06/15/96 17:39:01 Lock Time:1 01:27 Locks:6/12 Diff:-8ms Avg:-4ms Set:1
06/15/96 17:42:01 Lock Time:1 01:30 Locks:8/12 Diff:-1ms Avg:-4ms Set:1
06/15/96 17:42:01 Lock Time:1 01:30 Locks:8/12 Diff:-1ms Avg:-4ms Set:1

The format of the line is:

Date/Time of message.
Lock Time: The time in days, hours, and minutes that SDR is locked to WWV.
Locks: Current number of good 800 ms pulses / last number of good pulses.
This is changed/updated every 15 minutes. Diff: The current pulse start offset in time from the running average.
Avg: The running average of the start of the 800 ms pulse.
Set: Indicates if SDR can set the time. 1 = can set time. 0 = can not set time.

One Second Output: SDR produces a one second output square wave at pin 18. The rising edge of this output marks the beginning of each second. You can use this output to monitor how well SDR is keep time. If you have an o-scope you can monitor this output and compare it to some other reference. One reference can be the audio output from your WWV receiver and comparing it to the 1 second tick you hear (this tick is 5 cycles a 1000hz).
Simulating the WWV Signal: If you have problems receiving WWV and if you have access to another time source, you can simulate the WWV signal. Under the F6 setting you will see an option called Set Time Using Digital Input. If you set this option to Yes, you can then feed a one pulse per minute TTL signal into pin 32 (D_IN0) of the 37 pin I/O connector of my A/D card. The digital signal needs to be an 800 millisecond (+/- 20 milliseconds) pulse that is normally High (+5VDC) and goes Low (0VDC) at the top of the minute. See below:
 +5 --------------------              -----------------------------
      Top of minute -> | <- 800 MS -> |            Next minute ->  |
  0       mark         ----------------               mark         -------...

Note: The PC-Labs A/D card always uses the digital input.

WWV Time Setting Window: Under the F6 menu settings you will see two options for controlling the time correction window for the WWV time option. The WWV Lock Start Time and WWV Lock Time Length setup a time window when SDR will correct its internal time to the WWV reference time. This window is used so that the time correction will only happen when you have a good signal from the WWV station. Depending on what WWV frequency you use, you may only get a clear signal during the day or only at night. By setting up a time window, so that SDR can only correct during the time of maximum signal strength, SDR will not have to correct its time as often do to changing signal conditions.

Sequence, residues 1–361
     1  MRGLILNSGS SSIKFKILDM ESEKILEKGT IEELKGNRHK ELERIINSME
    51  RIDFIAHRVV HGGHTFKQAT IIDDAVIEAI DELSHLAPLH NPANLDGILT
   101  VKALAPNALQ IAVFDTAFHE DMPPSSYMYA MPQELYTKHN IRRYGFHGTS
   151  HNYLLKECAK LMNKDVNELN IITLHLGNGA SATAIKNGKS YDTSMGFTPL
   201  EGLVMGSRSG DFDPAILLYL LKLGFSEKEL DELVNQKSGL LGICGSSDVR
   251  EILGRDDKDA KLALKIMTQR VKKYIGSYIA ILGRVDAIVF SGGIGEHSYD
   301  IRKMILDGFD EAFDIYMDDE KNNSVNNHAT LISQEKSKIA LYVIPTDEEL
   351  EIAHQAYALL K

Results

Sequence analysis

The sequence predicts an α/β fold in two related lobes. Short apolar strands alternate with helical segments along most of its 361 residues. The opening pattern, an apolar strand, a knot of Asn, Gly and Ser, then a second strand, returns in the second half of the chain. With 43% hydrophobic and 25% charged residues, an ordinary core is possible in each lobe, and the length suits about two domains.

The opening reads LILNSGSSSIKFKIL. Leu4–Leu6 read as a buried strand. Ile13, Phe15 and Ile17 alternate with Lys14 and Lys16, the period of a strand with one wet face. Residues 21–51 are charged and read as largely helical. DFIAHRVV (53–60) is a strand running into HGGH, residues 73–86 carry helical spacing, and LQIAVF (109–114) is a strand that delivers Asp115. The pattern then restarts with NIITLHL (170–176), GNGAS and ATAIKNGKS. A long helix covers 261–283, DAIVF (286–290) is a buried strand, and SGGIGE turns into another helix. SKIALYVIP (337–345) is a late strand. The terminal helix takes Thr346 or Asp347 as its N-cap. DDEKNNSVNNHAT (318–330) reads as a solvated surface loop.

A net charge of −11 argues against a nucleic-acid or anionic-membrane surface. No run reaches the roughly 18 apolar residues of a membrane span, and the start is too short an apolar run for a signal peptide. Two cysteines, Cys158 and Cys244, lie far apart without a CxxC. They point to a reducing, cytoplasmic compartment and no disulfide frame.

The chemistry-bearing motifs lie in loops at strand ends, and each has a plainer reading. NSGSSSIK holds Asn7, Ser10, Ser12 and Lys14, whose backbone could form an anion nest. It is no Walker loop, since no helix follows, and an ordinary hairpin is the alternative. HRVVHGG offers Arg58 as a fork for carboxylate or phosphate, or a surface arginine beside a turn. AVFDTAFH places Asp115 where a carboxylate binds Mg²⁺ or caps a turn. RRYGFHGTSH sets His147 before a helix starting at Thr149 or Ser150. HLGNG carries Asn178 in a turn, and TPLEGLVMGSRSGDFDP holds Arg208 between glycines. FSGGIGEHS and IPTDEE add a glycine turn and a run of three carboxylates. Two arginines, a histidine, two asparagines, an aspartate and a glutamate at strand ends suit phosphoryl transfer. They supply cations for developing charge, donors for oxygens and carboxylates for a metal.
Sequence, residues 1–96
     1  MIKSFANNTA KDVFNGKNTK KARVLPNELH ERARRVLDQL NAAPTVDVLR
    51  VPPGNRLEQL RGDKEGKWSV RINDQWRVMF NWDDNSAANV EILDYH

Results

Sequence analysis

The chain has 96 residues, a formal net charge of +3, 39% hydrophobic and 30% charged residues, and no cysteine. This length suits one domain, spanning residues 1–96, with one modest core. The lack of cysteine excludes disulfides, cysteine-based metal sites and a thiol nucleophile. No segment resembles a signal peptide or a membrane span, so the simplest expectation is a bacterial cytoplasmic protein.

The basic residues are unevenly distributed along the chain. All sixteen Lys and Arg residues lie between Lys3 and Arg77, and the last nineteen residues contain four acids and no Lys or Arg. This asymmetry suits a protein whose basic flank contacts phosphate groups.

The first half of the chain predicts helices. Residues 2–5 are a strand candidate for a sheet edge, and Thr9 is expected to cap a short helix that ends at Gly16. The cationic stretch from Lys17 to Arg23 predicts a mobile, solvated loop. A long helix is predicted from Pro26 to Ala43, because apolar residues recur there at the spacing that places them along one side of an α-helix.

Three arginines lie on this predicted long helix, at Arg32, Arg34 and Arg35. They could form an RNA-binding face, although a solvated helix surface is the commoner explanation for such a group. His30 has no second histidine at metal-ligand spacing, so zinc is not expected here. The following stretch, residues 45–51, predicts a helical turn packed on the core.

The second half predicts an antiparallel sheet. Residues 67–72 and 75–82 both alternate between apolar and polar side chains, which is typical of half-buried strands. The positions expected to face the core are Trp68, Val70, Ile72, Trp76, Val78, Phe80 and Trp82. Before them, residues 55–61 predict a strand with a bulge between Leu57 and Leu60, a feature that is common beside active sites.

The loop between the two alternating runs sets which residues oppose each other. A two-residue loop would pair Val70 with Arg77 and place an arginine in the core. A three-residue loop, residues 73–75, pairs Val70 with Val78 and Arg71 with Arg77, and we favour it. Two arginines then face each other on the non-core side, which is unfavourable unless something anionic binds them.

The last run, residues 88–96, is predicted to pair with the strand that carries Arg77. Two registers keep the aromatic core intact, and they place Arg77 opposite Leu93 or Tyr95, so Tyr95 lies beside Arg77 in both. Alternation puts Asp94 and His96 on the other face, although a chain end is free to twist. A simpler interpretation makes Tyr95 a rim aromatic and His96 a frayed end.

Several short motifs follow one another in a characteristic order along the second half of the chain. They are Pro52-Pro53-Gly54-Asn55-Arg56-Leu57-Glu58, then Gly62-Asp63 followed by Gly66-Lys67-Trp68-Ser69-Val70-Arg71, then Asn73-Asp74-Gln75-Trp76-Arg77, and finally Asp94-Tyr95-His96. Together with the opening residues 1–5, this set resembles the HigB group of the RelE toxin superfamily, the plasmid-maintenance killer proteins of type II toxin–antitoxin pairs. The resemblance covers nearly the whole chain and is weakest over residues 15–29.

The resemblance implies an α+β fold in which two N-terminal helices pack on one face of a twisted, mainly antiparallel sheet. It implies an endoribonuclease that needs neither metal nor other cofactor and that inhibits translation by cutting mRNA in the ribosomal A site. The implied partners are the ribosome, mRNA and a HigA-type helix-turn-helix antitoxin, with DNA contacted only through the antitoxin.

To setup a time correction window, enter a start time, in Hour:Minute format, in the WWV Lock Start Time field under the F6 settings. Choose a time when you get the best reception for the WWV station you are using. Next enter a time length, in hours, in the next field. I use the WWV station on 5.0 Mhz. I get the best reception at night so I have the start time set to 10PM local time, or 22:00 in the WWV Lock Start Time field. For the length I have 4 hours. This means that starting at 22:00 each day, and ending the next day at 2:00, my system can correct to the WWV time reference. You will still see time correction messages at the top of the minute on the Debug line, if you are out side of the time window, but SDR will not set its time until it gets into the time window.

Trouble Shooting: No Time Messages:
Make sure you are in the Debug mode. The "D" key toggles the debug mode on or off. Make sure you have the audio out (speaker or earphone output) connected to the A/D card. Adjust the volume level until you start getting the time messages. Make sure you are tuned to one of the WWV stations and getting good reception. Also check the WWV time window settings for valid numbers.

Getting Time Messages but Never Locks:

Your system maybe losing interrupts. Make sure you removed all TSRs from your system. Your disk controller maybe disabling interrupts when writing to the disk. Try another disk controller. I use EIDE controllers on my systems without any problems.

[ Top ]

Larry Cochrane - www.seismicnet.com/contact.html